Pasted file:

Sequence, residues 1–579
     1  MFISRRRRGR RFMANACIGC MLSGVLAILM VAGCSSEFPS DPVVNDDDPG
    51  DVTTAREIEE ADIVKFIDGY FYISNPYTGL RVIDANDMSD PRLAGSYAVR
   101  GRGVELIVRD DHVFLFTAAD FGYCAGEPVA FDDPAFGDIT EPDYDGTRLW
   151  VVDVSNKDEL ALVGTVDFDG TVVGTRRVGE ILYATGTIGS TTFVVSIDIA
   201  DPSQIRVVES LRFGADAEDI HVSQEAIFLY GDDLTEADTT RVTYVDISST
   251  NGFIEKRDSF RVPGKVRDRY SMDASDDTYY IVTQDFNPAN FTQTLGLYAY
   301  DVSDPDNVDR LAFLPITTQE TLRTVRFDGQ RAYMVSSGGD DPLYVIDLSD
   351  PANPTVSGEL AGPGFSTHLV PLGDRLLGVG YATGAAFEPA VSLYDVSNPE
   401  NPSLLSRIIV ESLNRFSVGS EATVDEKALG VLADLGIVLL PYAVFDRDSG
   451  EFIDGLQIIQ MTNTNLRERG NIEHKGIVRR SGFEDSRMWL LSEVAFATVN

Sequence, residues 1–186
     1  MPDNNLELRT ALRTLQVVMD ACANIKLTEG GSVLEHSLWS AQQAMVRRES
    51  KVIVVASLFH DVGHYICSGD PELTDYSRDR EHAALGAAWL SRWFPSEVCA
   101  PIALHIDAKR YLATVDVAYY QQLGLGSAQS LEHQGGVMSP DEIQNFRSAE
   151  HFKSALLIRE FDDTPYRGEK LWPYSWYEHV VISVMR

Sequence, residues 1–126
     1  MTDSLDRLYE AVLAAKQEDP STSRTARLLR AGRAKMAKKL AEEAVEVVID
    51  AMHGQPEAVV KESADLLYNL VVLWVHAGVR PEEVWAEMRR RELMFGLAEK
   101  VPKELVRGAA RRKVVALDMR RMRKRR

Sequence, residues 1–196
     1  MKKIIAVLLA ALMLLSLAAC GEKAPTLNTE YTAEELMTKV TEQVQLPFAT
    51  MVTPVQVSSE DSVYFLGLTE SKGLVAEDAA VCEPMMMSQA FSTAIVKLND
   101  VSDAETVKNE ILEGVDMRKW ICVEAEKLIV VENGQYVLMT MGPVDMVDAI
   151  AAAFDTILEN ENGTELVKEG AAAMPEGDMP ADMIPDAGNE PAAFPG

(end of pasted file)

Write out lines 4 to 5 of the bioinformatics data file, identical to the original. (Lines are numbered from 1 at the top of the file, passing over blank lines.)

   101  GRGVELIVRD DHVFLFTAAD FGYCAGEPVA FDDPAFGDIT EPDYDGTRLW
   151  VVDVSNKDEL ALVGTVDFDG TVVGTRRVGE ILYATGTIGS TTFVVSIDIA